In recent years. These organizations include the American Diabetes Association (ADA). and cardiovascular complications of diabetes. a follow-up study of DCCT participants showed that the ability of intensive control to lower the complications of diabetes has persisted more than 10 years after the trial ended. Many organizations outside the Government support diabetes research and education activities. showed that intensive control of blood glucose and blood pressure reduced the risk of blindness. pregnancy. kidney disease. nerve. autoimmunity. the Health Resources and Services Administration. A major study. a European study completed in 1998. and the Department of Defense. More recently. the Juvenile Diabetes Research Foundation International (JDRF). and dental problems.441 people with type 1 diabetes. The United Kingdom Prospective Diabetes Study. and the American Association of Diabetes Educators. It also gathers and analyzes statistics about diabetes. Other Institutes at the NIH conduct and support research on diabetes-related eye diseases.blood pressure. Major advances include • • development of quick-acting and long-acting insulins better ways to monitor blood glucose and for people with . The study compared the effect of two treatment approaches —intensive management and standard management—on the development and progression of eye. [Top] Hope through Research The NIDDK conducts research in its own laboratories and supports a great deal of basic and clinical research in medical centers and hospitals throughout the United States. heart and vascular complications. the Department of Veterans Affairs. Intensive treatment aimed to keep A1C levels as close to normal—6 percent—as possible. Other Government agencies that sponsor diabetes programs are the CDC. Researchers found that study participants who maintained lower levels of blood glucose through intensive management had significantly lower rates of these complications. kidney. and cholesterol as close to the normal range as safely possible. the Indian Health Service. This 10-year study. and heart attack in people with type 2 diabetes. showed that keeping blood glucose levels close to normal reduces the risk of developing major complications of type 1 diabetes. stroke. the Diabetes Control and Complications Trial (DCCT). included 1. sponsored by the National Institute of Diabetes and Digestive and Kidney Diseases (NIDDK). advances in diabetes research have led to better ways of managing diabetes and treating its complications. completed in 1993.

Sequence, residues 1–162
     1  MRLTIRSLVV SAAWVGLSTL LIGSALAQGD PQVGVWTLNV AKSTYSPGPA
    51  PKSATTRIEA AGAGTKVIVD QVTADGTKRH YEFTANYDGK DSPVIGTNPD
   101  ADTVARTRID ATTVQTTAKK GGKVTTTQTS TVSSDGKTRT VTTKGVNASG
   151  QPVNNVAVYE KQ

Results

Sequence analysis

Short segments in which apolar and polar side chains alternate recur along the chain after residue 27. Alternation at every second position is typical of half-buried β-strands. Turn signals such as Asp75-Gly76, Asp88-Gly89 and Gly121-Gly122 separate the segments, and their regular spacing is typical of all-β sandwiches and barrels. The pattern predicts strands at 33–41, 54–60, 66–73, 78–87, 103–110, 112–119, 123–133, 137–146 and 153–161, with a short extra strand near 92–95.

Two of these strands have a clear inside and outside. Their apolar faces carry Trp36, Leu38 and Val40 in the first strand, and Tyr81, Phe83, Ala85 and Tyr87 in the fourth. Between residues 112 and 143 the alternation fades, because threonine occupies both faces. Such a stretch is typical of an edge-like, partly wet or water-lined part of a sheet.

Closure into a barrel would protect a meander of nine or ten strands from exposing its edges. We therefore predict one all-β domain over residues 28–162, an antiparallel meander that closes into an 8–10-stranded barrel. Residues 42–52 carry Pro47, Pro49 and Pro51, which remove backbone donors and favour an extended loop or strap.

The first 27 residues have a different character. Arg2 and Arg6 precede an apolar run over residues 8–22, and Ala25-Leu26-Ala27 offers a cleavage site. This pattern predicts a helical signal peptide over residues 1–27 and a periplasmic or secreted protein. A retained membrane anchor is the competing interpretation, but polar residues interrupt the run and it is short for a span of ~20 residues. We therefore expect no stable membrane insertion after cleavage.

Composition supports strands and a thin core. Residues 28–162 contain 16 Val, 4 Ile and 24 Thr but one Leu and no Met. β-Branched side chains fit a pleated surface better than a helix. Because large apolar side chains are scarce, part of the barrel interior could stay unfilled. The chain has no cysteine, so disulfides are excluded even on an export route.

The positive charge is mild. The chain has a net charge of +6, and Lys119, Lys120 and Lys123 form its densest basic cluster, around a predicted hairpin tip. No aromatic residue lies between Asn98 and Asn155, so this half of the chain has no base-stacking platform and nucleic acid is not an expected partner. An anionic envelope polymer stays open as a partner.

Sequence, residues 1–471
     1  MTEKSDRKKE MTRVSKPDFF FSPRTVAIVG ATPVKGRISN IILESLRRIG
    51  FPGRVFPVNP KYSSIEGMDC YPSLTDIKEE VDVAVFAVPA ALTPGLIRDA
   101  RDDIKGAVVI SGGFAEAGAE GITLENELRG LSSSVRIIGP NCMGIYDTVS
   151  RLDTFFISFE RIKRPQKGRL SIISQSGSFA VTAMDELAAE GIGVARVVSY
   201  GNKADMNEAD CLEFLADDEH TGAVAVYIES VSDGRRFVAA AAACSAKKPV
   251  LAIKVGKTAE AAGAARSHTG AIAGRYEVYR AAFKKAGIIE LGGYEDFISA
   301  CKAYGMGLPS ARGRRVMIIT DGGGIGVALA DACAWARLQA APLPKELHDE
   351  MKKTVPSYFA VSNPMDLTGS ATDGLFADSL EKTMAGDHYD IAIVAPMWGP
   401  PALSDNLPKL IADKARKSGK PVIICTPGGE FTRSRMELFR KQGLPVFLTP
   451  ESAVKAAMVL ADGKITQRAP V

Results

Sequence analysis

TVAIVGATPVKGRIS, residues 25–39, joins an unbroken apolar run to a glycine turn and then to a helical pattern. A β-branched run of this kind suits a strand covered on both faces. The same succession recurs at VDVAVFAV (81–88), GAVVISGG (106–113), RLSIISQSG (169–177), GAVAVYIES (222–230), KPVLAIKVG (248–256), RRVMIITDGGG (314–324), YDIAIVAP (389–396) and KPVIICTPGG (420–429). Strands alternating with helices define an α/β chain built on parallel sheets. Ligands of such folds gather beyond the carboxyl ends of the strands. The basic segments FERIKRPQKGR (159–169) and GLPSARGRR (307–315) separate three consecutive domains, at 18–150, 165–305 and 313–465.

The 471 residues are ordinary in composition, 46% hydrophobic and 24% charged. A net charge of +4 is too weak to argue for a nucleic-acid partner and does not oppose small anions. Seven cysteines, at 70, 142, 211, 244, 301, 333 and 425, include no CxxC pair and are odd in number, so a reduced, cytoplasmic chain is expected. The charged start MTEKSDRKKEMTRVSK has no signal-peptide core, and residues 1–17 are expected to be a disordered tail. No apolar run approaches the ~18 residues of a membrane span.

prevent. and those at intermediate risk. Some genetic markers for type 1 diabetes have been identified. angiotensin-converting enzyme (ACE) inhibitors and angiotensin receptor blockers (ARBs). The DPT–1 researchers discovered ways to identify two populations at risk of developing type 1 diabetes within 5 years—those at high risk. Scientists are searching for genes that may be involved in type 1 or type 2 diabetes. which showed that people at risk for developing type 1 diabetes can be identified.diabetes to check their blood glucose levels • • development of external insulin pumps that deliver insulin. or cure the disorder. replacing daily injections laser treatment for diabetic eye disease. with at least a 50 percent chance. with a 25 to 50 percent risk. reducing the risk of blindness successful kidney and pancreas transplantation in people whose kidneys fail because of diabetes better ways of managing diabetes in pregnant women. Then researchers explored possible ways of preventing type . weight loss. and physical activity • • • • • • • [Top] What will the future bring? Researchers continue to look for the cause or causes of diabetes and ways to manage. Type 1 Diabetes A number of federally funded research studies and clinical trials are under way. are more effective than other antihypertensive drugs in reducing a decline in kidney function in people with diabetes advances in transplantation of islets—clusters of cells that produce insulin and other hormones—for type 1 diabetes evidence that people at high risk for type 2 diabetes can lower their chances of developing the disease through diet. Studies focus on the prevention and causes of type 1 diabetes as well as experimental treatments such as islet transplantation. improving their chances of a successful outcome new drugs to treat type 1 and type 2 diabetes and better ways to manage these forms of diabetes through weight control evidence that intensive management of blood glucose reduces and may prevent development of diabetes complications demonstration that two types of antihypertensive drugs. Diabetes Prevention Trial–Type 1 (DPT–1) The NIDDK and other groups sponsored DPT–1. and it is now possible to screen relatives of people with type 1 diabetes to determine whether they are at risk.